I can see there is a learning curve here, some work to be done and some more practice needed, but..... I can see how this thing works, now I just have to get some more time on it, and read up some more, ask some questions and such, but it works!

    I have a lot of lousy blanks I've not turned, as I figured they would only be good for practice and for this, they will work fine!

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    I started out with this chunk of wood, some Ginko that I got in December of 2006. The wood is dry and punky, not much good for anything really, well, except for practice

    See that large chunk of bark sitting there, well it came off the blank at about 1500 RPM and smacked me dead center in the face........ face shield...... as I had my Triton Power Respirator on, I'm sure glad I always where that thing when roughing out!

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    I got the basic shape done, and left a nice big tenon on it.....

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    First set of coring, the look not bad........

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    ....... that is until you see the other side....

    I went way too deep on the first smaller bowl

    Here is my second try....

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    No funnels this time around, but there is a lot more work to be done.

    At least I have a LOT more blanks to practice on

    Cheers!
    Last edited by Stuart Ablett; 08-27-2008 at 09:16 AM.
    The pessimist complains about the wind; the optimist expects it to change; the realist adjusts the sails.
    William Arthur Ward

  9. #9
    Join Date
    Oct 2006
    Location
    ABQ NM
    Posts
    30,017
    Nice funnel collection. Hopefully you got them all out of your system now.

    I'm planning to use up some more of my dried and somewhat punky alder for the same purpose. I'm looking forward to trying it on some fresh, green wood. Aside from my first couple practice sets with dry wood, I've not done any more. I've been concentrating on finishing up other pieces in preparation for the fall show season. I have rough cores sitting around that I don't intend to finish.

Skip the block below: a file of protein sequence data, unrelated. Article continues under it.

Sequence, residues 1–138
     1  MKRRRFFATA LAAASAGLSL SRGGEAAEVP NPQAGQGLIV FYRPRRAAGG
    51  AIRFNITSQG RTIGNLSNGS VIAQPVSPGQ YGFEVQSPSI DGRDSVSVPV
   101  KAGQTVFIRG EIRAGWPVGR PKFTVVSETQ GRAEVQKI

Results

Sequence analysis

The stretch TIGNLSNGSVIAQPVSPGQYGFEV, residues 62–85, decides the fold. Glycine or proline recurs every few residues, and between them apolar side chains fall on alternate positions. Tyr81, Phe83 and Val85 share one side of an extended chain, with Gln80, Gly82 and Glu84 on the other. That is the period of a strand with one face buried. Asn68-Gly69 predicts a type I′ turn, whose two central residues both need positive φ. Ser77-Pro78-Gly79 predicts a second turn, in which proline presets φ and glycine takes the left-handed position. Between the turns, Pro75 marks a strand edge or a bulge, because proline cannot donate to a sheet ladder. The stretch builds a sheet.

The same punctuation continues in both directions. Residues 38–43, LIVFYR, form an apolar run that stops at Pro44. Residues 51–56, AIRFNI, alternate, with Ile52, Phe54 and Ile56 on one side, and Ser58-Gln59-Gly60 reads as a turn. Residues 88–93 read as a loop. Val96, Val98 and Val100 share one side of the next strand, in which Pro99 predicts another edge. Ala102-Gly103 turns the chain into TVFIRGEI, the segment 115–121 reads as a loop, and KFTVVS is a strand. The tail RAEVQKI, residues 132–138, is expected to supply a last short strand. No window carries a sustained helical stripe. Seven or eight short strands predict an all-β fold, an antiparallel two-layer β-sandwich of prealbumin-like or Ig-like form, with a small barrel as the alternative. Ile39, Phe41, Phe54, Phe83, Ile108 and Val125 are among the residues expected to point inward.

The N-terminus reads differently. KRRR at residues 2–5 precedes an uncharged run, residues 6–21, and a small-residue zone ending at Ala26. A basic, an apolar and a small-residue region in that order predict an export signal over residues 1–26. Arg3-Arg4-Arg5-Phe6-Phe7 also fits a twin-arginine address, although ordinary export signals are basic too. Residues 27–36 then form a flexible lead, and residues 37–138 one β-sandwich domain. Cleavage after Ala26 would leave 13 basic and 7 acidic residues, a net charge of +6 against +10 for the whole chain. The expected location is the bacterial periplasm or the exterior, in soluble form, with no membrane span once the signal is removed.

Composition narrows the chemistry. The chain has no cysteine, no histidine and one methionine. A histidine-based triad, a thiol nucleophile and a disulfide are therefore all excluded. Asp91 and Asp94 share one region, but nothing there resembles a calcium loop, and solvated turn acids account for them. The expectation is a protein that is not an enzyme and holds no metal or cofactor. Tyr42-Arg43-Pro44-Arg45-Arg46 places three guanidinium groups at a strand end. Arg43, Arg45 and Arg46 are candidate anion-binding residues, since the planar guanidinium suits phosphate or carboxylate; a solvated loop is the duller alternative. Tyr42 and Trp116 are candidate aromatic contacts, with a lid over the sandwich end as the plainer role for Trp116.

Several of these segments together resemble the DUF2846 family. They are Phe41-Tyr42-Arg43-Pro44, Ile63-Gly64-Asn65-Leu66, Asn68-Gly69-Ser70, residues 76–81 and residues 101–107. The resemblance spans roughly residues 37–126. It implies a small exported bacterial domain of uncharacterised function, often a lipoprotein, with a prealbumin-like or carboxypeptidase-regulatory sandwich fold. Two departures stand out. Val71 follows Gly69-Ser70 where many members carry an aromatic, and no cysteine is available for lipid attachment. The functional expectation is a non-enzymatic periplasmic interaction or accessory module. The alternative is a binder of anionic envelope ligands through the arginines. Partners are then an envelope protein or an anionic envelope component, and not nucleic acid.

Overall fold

I have used a couple of the rough cores for jam chucks on a couple pieces I was finishing. Used with the face pointing to the inside of a bowl, jammed into place with the tailstock, they help reduce vibration when doing any finishing cuts on the outside. Or, chucked up on the headstock, they can be used when reversing the piece to trim off the tenon. I used one on the maple bowl I just posted about. It was too deep for my vacuum chuck, plus it has a crack though the bottom due to a knot, so the vac chuck wouldn't work anyway. I just reversed the walnut bowl into the face of a roughed-out core on the chuck, and turned the tenon down to a nub. Then I sawed and sanded the nub down to finish the bottom.
    When the going gets weird, the weird turn pro. - Hunter S. Thompson
    When the weird get going, they start their own forum. - Vaughn McMillan

    workingwoods.com

  10. #10
    Join Date
    Dec 2006
    Location
    Goodland, Kansas
    Posts
    4,834
    Well Stu now that you have got the funnels down pat it is time to make some bowls. Looks like you are on your way bud. Keep'em coming.
    Bernie W.

    Retirement: Thats when you return from work one day
    and say, Hi, Honey, Im home forever.

    To succeed in life, you need three things: a wishbone, a backbone and a funnybone.